Ice Volcanoes on Saturn’s Moon Enceladus

International team of researchers discovers ice volcanoes on Saturn’s moon Enceladus

March 14, 2006

Scientists from the Max Planck Institute for Nuclear Physics and the University of Potsdam have found ice volcanoes - or what could be called "ice geysers" - on the surface of Saturn’s moon Enceladus. They made the discovery using a combination of computer simulations and measurements from the dust detector on the space probe CASSINI. The ice volcanoes are located at geologically young, warm structures in the icy moon’s southern polar region. The ice particles probably are created from steam deep in crevices. Volcanic activity is now known to exist in three bodies in our solar system: Enceladus, Earth, and Jupiter’s moon Io (Science, March 10, 2006).

Saturn’s E ring, the largest ring around any planet in our solar system, is not only remarkable for its huge size. What is also astounding is that current optical measurements show it to be made of ice particles of nearly equal size - a radius of 0.3 to 2 micrometres. The icy moon Enceladus was, however, expected to feed the ring with significantly larger pieces. The ring’s mass distribution must thus somehow be tied up with the dynamics of the particles. Until now, however, scientists did not know how. Directly measuring ice particles near Enceladus promised to deliver a better understanding of the E Ring’s complex nature.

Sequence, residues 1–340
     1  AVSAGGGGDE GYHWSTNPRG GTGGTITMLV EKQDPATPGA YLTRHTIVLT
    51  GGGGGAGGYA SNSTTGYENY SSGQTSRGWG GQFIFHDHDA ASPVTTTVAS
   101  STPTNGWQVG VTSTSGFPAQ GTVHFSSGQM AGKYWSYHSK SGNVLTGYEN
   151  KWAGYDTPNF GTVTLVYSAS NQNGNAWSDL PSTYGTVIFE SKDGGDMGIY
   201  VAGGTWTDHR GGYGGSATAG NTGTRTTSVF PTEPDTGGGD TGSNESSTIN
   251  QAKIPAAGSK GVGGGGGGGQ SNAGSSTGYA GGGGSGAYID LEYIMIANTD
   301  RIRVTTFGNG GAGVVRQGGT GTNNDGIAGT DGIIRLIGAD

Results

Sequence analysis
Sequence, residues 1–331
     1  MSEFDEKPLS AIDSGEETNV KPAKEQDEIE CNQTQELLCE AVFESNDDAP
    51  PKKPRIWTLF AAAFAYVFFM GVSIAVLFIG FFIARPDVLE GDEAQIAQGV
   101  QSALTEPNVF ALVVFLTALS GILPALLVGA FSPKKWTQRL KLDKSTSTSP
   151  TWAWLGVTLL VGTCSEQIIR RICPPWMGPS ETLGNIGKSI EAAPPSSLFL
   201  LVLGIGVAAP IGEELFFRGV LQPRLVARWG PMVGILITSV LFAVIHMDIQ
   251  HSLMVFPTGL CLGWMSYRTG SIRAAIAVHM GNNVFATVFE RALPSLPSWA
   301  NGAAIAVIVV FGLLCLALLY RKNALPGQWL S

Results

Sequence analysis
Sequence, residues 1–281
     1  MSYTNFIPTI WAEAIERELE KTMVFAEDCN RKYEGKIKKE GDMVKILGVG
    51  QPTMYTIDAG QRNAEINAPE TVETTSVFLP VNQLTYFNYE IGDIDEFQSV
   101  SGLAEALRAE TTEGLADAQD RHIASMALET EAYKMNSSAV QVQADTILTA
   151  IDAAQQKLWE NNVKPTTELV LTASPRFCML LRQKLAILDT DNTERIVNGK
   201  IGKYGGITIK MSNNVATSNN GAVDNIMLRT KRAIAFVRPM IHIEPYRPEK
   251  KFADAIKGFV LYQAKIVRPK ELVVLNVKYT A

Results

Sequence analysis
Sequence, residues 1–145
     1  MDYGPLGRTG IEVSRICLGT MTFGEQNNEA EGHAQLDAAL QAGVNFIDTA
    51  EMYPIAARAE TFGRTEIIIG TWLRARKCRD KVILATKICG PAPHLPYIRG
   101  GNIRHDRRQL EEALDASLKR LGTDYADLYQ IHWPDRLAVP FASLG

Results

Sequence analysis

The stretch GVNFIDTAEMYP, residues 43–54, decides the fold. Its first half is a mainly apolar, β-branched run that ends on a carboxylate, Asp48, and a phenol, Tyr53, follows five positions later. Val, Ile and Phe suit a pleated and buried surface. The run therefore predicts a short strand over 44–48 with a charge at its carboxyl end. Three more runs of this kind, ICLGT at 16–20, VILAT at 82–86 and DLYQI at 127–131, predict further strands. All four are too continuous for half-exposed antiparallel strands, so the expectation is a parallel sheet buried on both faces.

On July 14, 2005, the CASSINI space probe came within 175 kilometres of Enceladus, which is suspected of being the source of Saturn’s E Ring. This made it possible to measure dust distribution deep inside the area of Enceladus’ gravitational pull. The scientists could thus investigate how the moon refreshed the ring with dust particles.

Until now, it was assumed that new ice particles were created by interplanetary micrometeorites, or ring particles themselves, bombarding the moon’s surface. In this model, most of the fresh particles form a nearly isotopic dust cloud around the moon. In the other model, faster particles feed the ring. Indeed, the dust detector on the space probe GALILEO had already discovered dust clouds surrounding Jupiter’s Galilean moons.

Measurements from the High Rate Detector (HRD) of CASSINI’s "Cosmic Dust Analyser" (CDA), taken by scientists from the Max Planck Institute for Nuclear Physics in Heidelberg and the University of Chicago are however not consistent with this assumption. Observations showed that the maximum rate of impact was reached before the probe moved to its closest point to Enceladus. This can only be explained if there exists a strong anisotropic - that is, directionally dependent - dust distribution on the moon.

The dust detector was not the only instrument which came to show unexpected discoveries. Photographs of Enceladus’ southern polar region clearly showed geologically young structures. Infrared images also indicated a warmer area - a "hot spot" - in that southern region. This led scientists from the University of Potsdam to model dust distribution on the moon under the assumption that there is an additional, tightly confined, dust source on its surface. The models indicated a contained dust source in the southern polar region. This turned out to be consistent with the probe’s measurements.

This convincing match between models and HRD measurements (see image 2) led the Cassini camera team to look for, and find, volcanic activity. Enceladus is thus the second moon in our solar system where volcanic activity has been discovered

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